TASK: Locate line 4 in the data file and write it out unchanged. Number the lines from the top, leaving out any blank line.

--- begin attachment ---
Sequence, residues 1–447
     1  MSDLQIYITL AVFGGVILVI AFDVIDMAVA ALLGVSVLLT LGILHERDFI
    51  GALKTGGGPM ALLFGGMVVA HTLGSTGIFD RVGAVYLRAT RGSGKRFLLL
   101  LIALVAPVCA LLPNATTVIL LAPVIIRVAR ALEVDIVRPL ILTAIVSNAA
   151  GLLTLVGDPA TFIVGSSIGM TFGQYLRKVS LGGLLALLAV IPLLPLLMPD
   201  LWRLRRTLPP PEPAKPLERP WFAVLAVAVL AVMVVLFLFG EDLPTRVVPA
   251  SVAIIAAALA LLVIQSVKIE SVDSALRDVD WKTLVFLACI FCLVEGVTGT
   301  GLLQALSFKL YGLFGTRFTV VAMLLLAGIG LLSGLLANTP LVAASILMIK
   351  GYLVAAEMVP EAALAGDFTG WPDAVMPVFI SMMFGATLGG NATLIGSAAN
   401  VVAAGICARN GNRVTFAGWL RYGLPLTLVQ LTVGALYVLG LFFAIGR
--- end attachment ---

   101  LIALVAPVCA LLPNATTVIL LAPVIIRVAR ALEVDIVRPL ILTAIVSNAA